This paper explores the possibility of characterising the degree of fenestration of a certain city by studying a limited building sample. For the case study of the Eixample district of Barcelona, window-to-wall ratio (WWR) guiding values are provided and the role of the date of construction and the façade orientation is assessed regarding the opening size. Results indicate that not only average WWR values but also dispersion indicators should be provided to adequately describe façade fenestration. The age of construction has found to be a helpful parameter to approximate representative WWR values of a tissue reducing the uncertainty.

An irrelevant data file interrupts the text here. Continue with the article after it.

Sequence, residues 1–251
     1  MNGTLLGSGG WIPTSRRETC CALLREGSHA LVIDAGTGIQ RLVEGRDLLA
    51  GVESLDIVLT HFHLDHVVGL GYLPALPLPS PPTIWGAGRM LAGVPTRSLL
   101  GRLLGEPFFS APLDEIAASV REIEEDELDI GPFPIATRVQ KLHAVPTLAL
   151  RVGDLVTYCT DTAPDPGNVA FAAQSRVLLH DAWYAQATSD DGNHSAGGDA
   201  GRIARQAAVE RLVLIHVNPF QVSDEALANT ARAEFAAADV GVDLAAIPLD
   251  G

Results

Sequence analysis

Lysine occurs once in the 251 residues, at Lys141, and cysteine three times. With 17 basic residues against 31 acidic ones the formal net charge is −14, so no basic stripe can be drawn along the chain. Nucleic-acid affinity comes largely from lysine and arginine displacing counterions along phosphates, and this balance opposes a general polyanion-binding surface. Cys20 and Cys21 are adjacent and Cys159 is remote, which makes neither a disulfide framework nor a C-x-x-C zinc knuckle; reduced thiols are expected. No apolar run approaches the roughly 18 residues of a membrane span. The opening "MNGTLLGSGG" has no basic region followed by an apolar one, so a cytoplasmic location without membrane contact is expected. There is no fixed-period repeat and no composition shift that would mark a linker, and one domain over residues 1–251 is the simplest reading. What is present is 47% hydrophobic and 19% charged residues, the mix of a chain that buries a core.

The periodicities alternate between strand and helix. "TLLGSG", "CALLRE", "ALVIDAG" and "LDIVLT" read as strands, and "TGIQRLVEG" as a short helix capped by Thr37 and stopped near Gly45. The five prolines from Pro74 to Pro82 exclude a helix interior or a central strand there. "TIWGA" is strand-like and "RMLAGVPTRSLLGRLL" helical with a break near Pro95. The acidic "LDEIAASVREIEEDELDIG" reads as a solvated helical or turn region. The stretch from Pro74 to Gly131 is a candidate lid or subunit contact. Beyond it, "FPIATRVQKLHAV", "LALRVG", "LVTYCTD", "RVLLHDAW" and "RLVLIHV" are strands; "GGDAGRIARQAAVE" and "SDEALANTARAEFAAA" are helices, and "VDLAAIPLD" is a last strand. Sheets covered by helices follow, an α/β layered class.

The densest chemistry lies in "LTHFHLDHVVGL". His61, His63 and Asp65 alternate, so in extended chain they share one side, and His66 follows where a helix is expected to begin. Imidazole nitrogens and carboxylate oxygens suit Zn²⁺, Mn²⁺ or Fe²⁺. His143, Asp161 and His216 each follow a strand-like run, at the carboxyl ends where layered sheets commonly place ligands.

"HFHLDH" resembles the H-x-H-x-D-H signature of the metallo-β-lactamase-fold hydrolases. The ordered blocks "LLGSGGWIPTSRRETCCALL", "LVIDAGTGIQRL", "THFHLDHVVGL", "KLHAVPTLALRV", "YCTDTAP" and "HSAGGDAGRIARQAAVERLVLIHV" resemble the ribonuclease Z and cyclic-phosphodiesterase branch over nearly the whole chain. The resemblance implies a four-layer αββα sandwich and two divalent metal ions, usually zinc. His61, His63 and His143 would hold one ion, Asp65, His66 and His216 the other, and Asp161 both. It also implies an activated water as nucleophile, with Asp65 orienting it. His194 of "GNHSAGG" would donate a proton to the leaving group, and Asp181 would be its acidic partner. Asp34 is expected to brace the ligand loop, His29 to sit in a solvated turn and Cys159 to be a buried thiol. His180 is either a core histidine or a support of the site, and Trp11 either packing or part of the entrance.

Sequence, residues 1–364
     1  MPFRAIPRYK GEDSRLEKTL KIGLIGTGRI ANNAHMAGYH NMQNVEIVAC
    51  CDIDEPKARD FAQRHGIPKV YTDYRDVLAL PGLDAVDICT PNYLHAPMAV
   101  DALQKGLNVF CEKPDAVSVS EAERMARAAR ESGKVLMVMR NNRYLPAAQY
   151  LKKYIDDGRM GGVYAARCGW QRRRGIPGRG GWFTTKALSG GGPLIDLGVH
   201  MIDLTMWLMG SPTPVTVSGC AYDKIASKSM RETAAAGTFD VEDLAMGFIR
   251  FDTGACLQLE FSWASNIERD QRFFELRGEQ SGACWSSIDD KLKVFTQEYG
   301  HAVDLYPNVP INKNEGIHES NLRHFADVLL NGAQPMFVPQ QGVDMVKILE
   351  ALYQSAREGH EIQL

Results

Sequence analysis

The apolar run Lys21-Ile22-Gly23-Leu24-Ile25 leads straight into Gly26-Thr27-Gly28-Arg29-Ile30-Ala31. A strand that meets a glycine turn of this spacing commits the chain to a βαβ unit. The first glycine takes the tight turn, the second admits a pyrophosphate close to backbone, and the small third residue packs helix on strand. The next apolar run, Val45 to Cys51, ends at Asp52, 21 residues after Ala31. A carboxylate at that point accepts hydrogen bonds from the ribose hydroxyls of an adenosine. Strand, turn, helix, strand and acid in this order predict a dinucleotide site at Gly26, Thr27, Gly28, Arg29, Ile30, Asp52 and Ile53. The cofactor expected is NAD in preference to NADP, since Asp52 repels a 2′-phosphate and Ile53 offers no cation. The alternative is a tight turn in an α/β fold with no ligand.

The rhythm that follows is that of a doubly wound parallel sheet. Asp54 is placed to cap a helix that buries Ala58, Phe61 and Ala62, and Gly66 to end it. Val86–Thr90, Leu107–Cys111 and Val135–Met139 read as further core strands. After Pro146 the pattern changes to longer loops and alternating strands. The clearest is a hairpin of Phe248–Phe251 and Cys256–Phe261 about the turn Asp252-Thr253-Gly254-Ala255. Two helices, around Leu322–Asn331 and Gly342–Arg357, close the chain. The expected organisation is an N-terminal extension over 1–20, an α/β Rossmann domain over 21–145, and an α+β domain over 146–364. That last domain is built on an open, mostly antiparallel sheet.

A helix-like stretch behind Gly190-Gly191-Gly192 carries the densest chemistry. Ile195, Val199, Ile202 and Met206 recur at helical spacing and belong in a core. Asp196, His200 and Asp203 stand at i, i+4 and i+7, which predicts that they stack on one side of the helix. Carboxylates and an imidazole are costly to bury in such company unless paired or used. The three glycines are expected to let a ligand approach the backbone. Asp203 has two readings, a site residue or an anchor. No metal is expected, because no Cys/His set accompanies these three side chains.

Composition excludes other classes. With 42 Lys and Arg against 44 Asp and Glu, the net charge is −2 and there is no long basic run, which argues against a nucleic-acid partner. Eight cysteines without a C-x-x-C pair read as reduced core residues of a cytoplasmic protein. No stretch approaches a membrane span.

Façade design has significant effects on inner conditions of spaces and also on the energy needs to achieve user’s comfort. In this regard, the proportion of glazed surfaces to opaque ones plays a key role. Although the link between the fenestration ratio and energy demand for a space has been widely addressed in literature, a considerable number of these studies were based on isolated models, disregarding the effect of the urban surroundings. The aim of this paper is to provide insights on the impact of the window-to-wall ratio (WWR) on thermal energy demands taking into consideration a specific urban context. The Eixample district of Barcelona, with Mediterranean temperate climate, has been selected as the case study. Heating and cooling energy needs have been evaluated for a single residential space by means of computer simulations in Design Builder for different positions within the tissue. Results show that, from a thermal point of view, the design of façade openings within an urban context should vary depending on the orientation and the degree of obstruction, as a reflection of the differences in energy balance within the building envelope.